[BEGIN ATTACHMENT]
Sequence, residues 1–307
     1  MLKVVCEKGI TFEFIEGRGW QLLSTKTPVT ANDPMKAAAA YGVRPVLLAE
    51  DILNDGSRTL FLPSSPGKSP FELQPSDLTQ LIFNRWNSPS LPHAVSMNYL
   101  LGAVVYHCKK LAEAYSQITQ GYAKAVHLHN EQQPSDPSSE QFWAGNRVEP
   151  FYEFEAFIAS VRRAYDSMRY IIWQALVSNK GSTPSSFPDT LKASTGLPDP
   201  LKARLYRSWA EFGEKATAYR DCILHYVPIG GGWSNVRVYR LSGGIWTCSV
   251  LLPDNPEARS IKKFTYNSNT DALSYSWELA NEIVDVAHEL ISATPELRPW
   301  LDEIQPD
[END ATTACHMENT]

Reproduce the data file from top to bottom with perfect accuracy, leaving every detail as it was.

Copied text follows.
Sequence, residues 1–307
     1  MLKVVCEKGI TFEFIEGRGW QLLSTKTPVT ANDPMKAAAA YGVRPVLLAE
    51  DILNDGSRTL FLPSSPGKSP FELQPSDLTQ LIFNRWNSPS LPHAVSMNYL
   101  LGAVVYHCKK LAEAYSQITQ GYAKAVHLHN EQQPSDPSSE QFWAGNRVEP
   151  FYEFEAFIAS VRRAYDSMRY IIWQALVSNK GSTPSSFPDT LKASTGLPDP
   201  LKARLYRSWA EFGEKATAYR DCILHYVPIG GGWSNVRVYR LSGGIWTCSV
   251  LLPDNPEARS IKKFTYNSNT DALSYSWELA NEIVDVAHEL ISATPELRPW
   301  LDEIQPD